Danger is ever present and the statistics of point to almost 3500+ road accidents per-day in the United States alone. This does not mean that we ban the cars we simply punish the driver for their negligence. In the case of self-driving cars the Liability shifts from the driver to the manufacturer. This becomes complicated as Uber in itself is a limited liability company and issues like this push the incident on towards the realms of business law. Although investigations are still pending it is quite sorrowful to see that the thirst for productivity improvement, new technologies and in many cases greed and avarice is what brings to this point in time. In the case of self driving cars there is some saving grace as to that, future self driving cars will probably reduce carbon emissions by a large degree.

In one of the recent papers that I have written I point out how disruptive technologies can lead to such incidents. Disruptive technologies need to be closely monitored as their effects are unknown it is with time that these effects come into play. Therefore, it is best to use these technologies in a controlled environment for as long as possible. Uber itself has many issues both with it’s corporate structure and it’s treatment of employees. It is a dangerous experiment that is being hyped up by the Silicon Valley enthusiast and at times certain political parties who play the competitive advantage card when it comes to technological process in the United States.  Furthermore, the amount of money being invested in the research of AI makes it entirely possible for corners to be cut when it comes to the application of proper ethical principles. After-all recent events such as Theranos, Martin Shekrili, have proved that corruption and the inability to apply ethical principles can be found even in the hands of the best and brightest.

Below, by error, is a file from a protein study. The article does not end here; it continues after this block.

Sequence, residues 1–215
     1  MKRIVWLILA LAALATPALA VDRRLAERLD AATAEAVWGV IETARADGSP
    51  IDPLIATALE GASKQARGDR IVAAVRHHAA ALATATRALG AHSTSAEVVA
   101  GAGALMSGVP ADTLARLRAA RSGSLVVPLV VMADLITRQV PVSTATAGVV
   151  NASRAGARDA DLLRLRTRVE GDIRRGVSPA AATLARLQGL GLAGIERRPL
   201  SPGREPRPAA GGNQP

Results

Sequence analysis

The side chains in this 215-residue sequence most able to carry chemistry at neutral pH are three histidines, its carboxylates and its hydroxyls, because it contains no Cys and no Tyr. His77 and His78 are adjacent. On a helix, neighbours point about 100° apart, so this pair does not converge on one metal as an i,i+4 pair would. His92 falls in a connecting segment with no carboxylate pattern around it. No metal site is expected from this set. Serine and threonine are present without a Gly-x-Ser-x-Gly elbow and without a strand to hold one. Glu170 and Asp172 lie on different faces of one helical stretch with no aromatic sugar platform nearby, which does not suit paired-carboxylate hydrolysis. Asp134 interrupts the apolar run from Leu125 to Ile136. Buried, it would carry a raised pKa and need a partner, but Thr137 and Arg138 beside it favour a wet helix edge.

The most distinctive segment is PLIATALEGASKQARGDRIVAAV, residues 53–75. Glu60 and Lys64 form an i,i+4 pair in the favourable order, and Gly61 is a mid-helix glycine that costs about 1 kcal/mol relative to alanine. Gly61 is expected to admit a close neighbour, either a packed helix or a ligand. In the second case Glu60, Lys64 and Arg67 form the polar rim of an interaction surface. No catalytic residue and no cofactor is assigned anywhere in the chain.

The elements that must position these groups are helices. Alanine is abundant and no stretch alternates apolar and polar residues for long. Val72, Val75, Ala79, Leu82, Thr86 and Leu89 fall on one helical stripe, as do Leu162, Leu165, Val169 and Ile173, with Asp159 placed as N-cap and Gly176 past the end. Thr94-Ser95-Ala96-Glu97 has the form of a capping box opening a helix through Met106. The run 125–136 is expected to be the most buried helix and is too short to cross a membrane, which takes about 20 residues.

What is more frightening about this incident is that it makes the use of technology riskier. Is my much cherished Macbook going to be responsible for my death tomorrow? Perhaps I should not allow it the level of autonomy and keep my judgement intact. Is the pleasure and increase in productivity worth the risk that is affiliated with. Or perhaps we are putting too much thought into this as a self driving car can be perhaps compared to an elevator which has caused countess of deaths but is an integral part of our every-day lives.

AI holds in-itself the potential to be classified as an existential risk and is an issue that should be taken very seriously as AI has the ability to grow exponentially.

For the draft of my paper on how exploitation occurs in the a disruptive and unjust economy can be found with the following link. Disruptive Economy.

Here again I find it important to quote the words of Isaiah Berlin:

Berlin (1957), “when ideas are neglected by those who ought to attend to them – 
 that is to say,those who have been trained critically about ideas they sometimes acquire an unchecked momentum and irresistible power over multitudes of men that may grow too violent to be affected by rational criticism.” (p, 167)


(Additional Thoughts Forthcoming)